In its second-largest acquisition, Amazon buys the company for $970 million.
Pipelining optimization technique boosts speed and availability, Keynote says.
Foot Locker climbed 26 spots to hit No.1 on the Keynote Mobile Commerce Performance Index for the week ending Oct. 21. One of the keys to its success was instituting a performance optimization technique known as pipelining, where multiple server requests are made within the same call as opposed to handling requests one by one, waiting for a response to one request before making another, says mobile and web performance management firm Keynote Systems Inc.
“This is the first time Foot Locker has made it to the top five on the index. A site that has 24 elements on the home page and a page size of 210 kilobytes made it to the top of the index, which is surprising,” says Venkatesh Giri, mobile performance expert at Keynote Systems, of the relatively high numbers. “Last week we observed Foot Locker dropped in ranking due to availability issues across multiple carriers and multiple locations creating timeout and other random errors. This week they outperformed all the retail sites in this regard, maintaining a consistent availability across all locations and all carriers.”
Maintaining consistent mobile commerce site availability across carriers is a huge challenge because mobile networks have a much higher latency on average than wired networks, causing timeout and connection errors, Giri says.
Foot Locker’s m-commerce site home page loaded on average in 8.77 seconds and did so completely and successfully 100% of the time, Keynote finds. The weighted and combined load time and success rate earned Foot Locker an index score of 937 out of 1,000.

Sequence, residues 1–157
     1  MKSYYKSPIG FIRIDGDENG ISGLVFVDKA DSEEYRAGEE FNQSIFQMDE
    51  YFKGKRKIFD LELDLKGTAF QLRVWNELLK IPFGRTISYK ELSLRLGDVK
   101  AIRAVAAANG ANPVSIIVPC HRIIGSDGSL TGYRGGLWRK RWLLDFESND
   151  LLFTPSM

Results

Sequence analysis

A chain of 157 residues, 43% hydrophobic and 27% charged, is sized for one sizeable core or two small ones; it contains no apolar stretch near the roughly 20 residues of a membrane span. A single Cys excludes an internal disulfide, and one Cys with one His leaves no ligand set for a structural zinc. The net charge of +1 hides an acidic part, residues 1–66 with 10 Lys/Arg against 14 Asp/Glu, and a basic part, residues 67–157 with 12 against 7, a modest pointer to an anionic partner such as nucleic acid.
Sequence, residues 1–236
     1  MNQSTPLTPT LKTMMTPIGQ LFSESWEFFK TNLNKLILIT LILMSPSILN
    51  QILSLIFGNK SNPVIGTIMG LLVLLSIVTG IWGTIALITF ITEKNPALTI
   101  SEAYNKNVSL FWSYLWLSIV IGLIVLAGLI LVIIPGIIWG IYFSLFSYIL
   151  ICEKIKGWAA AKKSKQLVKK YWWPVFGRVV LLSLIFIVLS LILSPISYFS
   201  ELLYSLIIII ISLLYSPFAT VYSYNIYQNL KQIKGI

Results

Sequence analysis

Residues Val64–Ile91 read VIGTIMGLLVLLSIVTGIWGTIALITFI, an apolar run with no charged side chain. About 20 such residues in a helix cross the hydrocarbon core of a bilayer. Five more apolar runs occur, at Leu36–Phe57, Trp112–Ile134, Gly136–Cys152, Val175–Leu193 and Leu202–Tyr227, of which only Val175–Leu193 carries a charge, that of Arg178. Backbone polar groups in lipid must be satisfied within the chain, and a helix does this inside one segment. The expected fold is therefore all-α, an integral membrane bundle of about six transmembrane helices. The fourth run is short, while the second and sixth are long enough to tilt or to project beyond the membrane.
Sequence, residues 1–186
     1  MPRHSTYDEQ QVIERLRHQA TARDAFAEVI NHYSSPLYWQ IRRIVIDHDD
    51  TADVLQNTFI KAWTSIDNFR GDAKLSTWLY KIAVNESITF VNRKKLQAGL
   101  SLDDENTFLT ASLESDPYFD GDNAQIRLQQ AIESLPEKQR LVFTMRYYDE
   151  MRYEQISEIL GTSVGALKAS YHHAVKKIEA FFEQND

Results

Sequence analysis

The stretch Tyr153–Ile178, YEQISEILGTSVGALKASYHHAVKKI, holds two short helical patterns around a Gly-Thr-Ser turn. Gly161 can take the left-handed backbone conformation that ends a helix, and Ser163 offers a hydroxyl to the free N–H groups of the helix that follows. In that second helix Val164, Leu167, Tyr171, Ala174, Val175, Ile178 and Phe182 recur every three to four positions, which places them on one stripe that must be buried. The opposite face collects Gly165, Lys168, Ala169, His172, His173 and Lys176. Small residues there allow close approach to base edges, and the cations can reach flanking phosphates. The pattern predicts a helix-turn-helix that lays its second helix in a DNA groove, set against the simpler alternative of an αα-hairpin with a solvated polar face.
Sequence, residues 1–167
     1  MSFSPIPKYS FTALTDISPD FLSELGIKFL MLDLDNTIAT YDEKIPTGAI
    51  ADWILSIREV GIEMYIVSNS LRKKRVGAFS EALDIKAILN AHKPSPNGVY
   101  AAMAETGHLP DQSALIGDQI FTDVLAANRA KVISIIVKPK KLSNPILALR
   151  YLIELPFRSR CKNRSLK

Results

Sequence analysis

“Foot Locker used explicit ‘Connection: Keep-Alive’ headers for all their objects on the home page,” Giri explains. “’Keep Alive’ is used to keep the connection open to make the subsequent requests faster and it is also used to leverage HTTP pipelining on supporting mobile web browsers. HTTP pipelining is a performance optimization technique where the browser may send multiple HTTP requests to the server on the same connection without waiting for subsequent responses, thus improving round trip time overhead for all elements after the first byte has been downloaded.”
Foot Locker, No. 23 in the Internet Retailer Mobile 400, did not immediately respond to a request for comment.
Barnes & Noble came in second for the week ending Oct. 21 with a load time of 5.44 seconds and a success rate of 99.78% for a score of 930. And HSN Inc. tied for second with a load time of 5.40 seconds and a success rate of 99.78% for a score of 930.
The average load time for all 30 retailers on the index was 8.57 seconds, the average success rate was 99.17% and the average score was 771.
Click here and then click on Keynote Mobile Commerce Performance Index Part 1 and Part 2 to see this week’s complete results for all 30 retailers on the index.
Keynote Systems measures 30 representative m-commerce sites exclusively for Internet Retailer. The sites include merchants in multiple categories and channels, and of multiple sizes, ranging from such giants as Amazon.com Inc. to midsized retailers like Toolfetch.com LLC. Amazon is No. 1 in the Internet Retailer Mobile 400, Toolfetch.com is No. 248. Keynote tests the sites in the index every hour Monday through Sunday from 8 a.m. through midnight Eastern time, emulating three different smartphones on three different wireless networks: Apple Inc.’s iPhone 4 on AT&T, the HTC Evo on Sprint and the Droid X on Verizon. The HTC Evo and the Droid X run Google Inc.’s Android operating system. Keynote runs the tests in New York and San Francisco.
Keynote combines a site’s load time and success rate, equally weighted, into a single score. Given that both performance and availability are important, the score reflects the overall quality of the home page; a higher score indicates better performance. Scores also reflect how close sites are to one another in overall quality. The index average score is the midpoint among all the sites’ scores.